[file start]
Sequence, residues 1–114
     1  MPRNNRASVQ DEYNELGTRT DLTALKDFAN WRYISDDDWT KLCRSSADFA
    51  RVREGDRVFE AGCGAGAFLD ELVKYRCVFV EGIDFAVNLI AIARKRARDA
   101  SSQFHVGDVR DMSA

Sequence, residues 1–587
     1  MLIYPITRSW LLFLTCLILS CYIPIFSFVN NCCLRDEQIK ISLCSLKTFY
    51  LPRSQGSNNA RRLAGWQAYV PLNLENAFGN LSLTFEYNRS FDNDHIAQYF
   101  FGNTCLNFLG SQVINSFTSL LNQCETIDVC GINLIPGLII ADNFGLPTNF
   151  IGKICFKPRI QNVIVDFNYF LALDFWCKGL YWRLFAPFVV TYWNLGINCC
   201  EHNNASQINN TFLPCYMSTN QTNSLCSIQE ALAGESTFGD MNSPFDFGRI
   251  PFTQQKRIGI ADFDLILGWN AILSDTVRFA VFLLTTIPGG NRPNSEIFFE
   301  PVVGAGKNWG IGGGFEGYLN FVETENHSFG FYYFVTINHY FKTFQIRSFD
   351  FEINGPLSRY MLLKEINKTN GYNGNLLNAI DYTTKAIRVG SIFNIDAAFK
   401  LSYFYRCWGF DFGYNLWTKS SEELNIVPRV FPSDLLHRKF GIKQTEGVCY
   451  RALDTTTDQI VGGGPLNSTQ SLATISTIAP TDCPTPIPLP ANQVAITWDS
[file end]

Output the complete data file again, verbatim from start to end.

Sequence, residues 1–114
     1  MPRNNRASVQ DEYNELGTRT DLTALKDFAN WRYISDDDWT KLCRSSADFA
    51  RVREGDRVFE AGCGAGAFLD ELVKYRCVFV EGIDFAVNLI AIARKRARDA
   101  SSQFHVGDVR DMSA

Sequence, residues 1–587
     1  MLIYPITRSW LLFLTCLILS CYIPIFSFVN NCCLRDEQIK ISLCSLKTFY
    51  LPRSQGSNNA RRLAGWQAYV PLNLENAFGN LSLTFEYNRS FDNDHIAQYF
   101  FGNTCLNFLG SQVINSFTSL LNQCETIDVC GINLIPGLII ADNFGLPTNF
   151  IGKICFKPRI QNVIVDFNYF LALDFWCKGL YWRLFAPFVV TYWNLGINCC
   201  EHNNASQINN TFLPCYMSTN QTNSLCSIQE ALAGESTFGD MNSPFDFGRI
   251  PFTQQKRIGI ADFDLILGWN AILSDTVRFA VFLLTTIPGG NRPNSEIFFE
   301  PVVGAGKNWG IGGGFEGYLN FVETENHSFG FYYFVTINHY FKTFQIRSFD
   351  FEINGPLSRY MLLKEINKTN GYNGNLLNAI DYTTKAIRVG SIFNIDAAFK
   401  LSYFYRCWGF DFGYNLWTKS SEELNIVPRV FPSDLLHRKF GIKQTEGVCY
   451  RALDTTTDQI VGGGPLNSTQ SLATISTIAP TDCPTPIPLP ANQVAITWDS